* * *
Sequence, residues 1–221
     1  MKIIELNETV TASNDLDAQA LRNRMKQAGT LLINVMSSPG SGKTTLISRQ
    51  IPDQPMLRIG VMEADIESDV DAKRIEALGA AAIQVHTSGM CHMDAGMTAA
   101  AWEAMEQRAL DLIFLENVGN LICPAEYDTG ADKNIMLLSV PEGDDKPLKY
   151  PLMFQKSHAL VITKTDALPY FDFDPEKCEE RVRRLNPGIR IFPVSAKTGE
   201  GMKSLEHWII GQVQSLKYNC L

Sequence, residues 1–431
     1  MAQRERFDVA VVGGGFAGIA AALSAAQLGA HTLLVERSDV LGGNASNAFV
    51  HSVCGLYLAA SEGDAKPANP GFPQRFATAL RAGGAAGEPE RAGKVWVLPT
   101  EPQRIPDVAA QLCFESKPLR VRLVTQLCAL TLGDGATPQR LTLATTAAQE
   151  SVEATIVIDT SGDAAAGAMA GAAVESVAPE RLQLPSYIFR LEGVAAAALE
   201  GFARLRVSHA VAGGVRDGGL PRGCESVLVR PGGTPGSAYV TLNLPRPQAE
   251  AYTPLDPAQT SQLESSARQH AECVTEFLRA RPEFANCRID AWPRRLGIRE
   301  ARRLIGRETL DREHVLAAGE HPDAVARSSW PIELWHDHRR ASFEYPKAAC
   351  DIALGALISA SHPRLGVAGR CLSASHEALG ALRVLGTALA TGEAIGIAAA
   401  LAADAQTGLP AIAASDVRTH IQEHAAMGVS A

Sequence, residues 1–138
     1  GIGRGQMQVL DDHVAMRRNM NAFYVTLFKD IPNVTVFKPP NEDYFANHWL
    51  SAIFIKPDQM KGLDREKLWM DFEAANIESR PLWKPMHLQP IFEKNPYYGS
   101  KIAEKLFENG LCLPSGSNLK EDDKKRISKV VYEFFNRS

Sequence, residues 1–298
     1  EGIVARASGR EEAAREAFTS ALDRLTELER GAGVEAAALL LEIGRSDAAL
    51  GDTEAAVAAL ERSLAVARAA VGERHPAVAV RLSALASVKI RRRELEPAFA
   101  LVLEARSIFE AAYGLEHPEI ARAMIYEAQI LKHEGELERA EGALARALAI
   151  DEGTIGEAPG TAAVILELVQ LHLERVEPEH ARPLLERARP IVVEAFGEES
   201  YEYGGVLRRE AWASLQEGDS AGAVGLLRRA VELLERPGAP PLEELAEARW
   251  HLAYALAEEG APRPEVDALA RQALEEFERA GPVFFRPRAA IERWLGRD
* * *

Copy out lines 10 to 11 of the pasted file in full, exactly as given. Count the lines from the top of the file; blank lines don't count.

   101  EPQRIPDVAA QLCFESKPLR VRLVTQLCAL TLGDGATPQR LTLATTAAQE
   151  SVEATIVIDT SGDAAAGAMA GAAVESVAPE RLQLPSYIFR LEGVAAAALE